Reasons to Choose
Stanford's Cardiothoracic Surgical Program
Streamlined, Integrated Resident Curriculum
Designed for medical school graduates, what makes our Integrated Cardiothoracic Surgical Program curriculum unique is its streamlined three-part, six-year track, designed to reduce the years of training required to become a cardiovascular specialist while focusing training to the most crucial areas of the field.
Our residency program limits work hours to 80 per week and emphasizes work-life balance moreso than many competing programs.
Beautiful, State-of-the-Art Facilities
The activities of the Department are centered in the Falk Cardiovascular Research Building at Stanford, a beautiful, state-of-the-art facility for the academic offices and research laboratories of the Department. The clinical activities are centered at the Stanford University Hospital, the Lucile Packard Children’s Hospital, and the nearby Palo Alto Veterans Administration Medical Center, with certain rotations at affiliated hospitals throughout the San Francisco Bay Area and Monterey County. Many rotations emphasize cutting edge technology, such as minimally invasive techniques, simulator practice, and robotic surgery.
Dedicated and Accomplished Faculty
Adult Cardiac Surgery
Pediatric Cardiac Surgery
A History of Excellence and Pioneering Firsts
Stanford has a history of excellence in all aspects of cardiothoracic surgery, including a series of pioneering "firsts," such as the first heart transplant in the US, the first heart/lung transplant in the world, and one of the first left ventricular assist device (LVAD) procedures in the world. Its programs are particularly noted for work in thoracic organ transplantation and treatment of valvular, aneurysm, congenital, and ischemic heart disease, and pulmonary and mediastinal tumors.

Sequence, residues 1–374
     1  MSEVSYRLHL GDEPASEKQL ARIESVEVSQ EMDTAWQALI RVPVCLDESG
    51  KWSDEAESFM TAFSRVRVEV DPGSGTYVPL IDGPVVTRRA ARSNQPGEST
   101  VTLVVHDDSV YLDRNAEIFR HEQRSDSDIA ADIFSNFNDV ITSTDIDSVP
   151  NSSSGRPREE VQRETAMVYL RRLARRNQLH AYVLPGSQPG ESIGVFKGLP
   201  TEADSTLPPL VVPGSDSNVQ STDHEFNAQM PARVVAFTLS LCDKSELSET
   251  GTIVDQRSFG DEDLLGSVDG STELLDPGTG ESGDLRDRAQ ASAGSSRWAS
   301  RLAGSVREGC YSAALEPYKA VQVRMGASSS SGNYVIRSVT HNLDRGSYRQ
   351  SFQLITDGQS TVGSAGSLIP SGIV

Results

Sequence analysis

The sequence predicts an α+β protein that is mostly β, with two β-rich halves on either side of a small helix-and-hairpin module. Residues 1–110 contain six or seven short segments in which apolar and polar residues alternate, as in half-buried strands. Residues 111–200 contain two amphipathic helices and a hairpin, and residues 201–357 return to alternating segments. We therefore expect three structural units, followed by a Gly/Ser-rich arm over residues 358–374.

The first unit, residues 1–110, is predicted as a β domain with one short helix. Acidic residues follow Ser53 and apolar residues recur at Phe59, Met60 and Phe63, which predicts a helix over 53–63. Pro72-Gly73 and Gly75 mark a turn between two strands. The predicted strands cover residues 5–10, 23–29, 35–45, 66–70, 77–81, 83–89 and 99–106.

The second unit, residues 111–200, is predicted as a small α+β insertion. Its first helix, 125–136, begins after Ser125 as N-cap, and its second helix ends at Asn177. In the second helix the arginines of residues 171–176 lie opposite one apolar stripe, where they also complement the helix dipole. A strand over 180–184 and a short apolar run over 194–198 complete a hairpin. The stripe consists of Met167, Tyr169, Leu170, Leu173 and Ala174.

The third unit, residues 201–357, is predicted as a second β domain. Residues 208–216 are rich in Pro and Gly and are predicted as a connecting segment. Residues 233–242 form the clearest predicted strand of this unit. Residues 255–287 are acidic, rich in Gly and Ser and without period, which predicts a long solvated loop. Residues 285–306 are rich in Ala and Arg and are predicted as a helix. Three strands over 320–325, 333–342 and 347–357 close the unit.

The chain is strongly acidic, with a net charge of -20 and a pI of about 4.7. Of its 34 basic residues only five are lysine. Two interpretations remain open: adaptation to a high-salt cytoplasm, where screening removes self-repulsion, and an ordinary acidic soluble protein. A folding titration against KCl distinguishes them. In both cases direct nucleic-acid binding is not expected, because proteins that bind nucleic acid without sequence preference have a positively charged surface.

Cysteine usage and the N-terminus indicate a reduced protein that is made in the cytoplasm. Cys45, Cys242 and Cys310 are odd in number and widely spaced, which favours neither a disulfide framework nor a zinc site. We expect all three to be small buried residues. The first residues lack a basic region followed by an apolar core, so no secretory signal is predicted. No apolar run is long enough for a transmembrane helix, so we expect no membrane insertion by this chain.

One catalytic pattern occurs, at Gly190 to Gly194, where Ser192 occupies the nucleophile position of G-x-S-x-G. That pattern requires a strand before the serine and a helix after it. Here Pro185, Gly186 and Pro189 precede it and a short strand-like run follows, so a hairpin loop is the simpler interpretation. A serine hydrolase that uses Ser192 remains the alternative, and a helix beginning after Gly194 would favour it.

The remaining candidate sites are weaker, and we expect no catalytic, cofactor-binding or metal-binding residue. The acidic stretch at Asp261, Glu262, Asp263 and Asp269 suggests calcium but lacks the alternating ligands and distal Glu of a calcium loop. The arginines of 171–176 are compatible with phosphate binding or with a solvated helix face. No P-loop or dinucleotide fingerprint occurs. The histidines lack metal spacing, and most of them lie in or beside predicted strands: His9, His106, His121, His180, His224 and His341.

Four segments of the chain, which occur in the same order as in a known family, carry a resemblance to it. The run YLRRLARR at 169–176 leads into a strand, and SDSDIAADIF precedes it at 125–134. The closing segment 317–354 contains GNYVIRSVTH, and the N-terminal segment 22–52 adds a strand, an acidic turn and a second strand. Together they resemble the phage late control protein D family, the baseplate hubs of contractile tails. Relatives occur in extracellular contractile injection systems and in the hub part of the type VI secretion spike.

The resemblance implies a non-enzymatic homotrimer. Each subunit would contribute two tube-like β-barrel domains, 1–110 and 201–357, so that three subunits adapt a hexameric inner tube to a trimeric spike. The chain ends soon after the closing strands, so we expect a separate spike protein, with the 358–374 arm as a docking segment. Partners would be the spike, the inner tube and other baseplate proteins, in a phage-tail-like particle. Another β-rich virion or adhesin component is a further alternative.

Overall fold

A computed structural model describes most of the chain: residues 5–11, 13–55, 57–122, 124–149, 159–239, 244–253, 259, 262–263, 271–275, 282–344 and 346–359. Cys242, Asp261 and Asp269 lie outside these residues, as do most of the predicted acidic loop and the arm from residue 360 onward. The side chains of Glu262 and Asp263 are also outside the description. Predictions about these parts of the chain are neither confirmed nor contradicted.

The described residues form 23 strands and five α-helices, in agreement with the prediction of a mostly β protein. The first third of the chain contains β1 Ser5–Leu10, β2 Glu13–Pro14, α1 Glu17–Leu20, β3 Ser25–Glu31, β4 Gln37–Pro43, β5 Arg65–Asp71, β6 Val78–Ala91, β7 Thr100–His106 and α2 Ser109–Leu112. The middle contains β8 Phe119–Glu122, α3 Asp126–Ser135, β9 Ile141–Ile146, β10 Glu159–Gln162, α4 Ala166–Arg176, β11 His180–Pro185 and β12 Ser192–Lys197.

A Legacy of Leadership
Previous Stanford trainees occupy a number of leadership positions throughout academic cardiothoracic surgery in the United States and abroad.
- 1986 – William H. Frist, former United States Senator, Tennessee
- 1986 – Vaughn A. Starnes, Chairman, Department of Cardiothoracic Surgery, University of Southern California
- 1983 – John C. Baldwin, Dean, Dartmouth University School of Medicine
- 1982 – R. Scott Mitchell, Professor, Department of Cardiothoracic Surgery, Stanford University School of Medicine
- 1981 – John Wallwork, Chief, Division of Cardiothoracic Surgery, Cambridge University School of Medicine
- 1980 – Stuart W. Jamieson, Chief, Division of Cardiothoracic Surgery, University of California San Diego School of Medicine
- 1979 – Donald C. Watson, Chief, Division of Cardiothoracic Surgery, University of Tennessee School of Medicine
- 1978 – William A. Baumgartner, Chief, Division of Cardiothoracic Surgery, Johns Hopkins School of Medicine
- 1977 – D. Craig Miller, Professor, Department of Cardiothoracic Surgery, Stanford University School of Medicine
- 1976 – Bruce A. Reitz, Chairman, Department of Cardiothoracic Surgery, Stanford University School of Medicine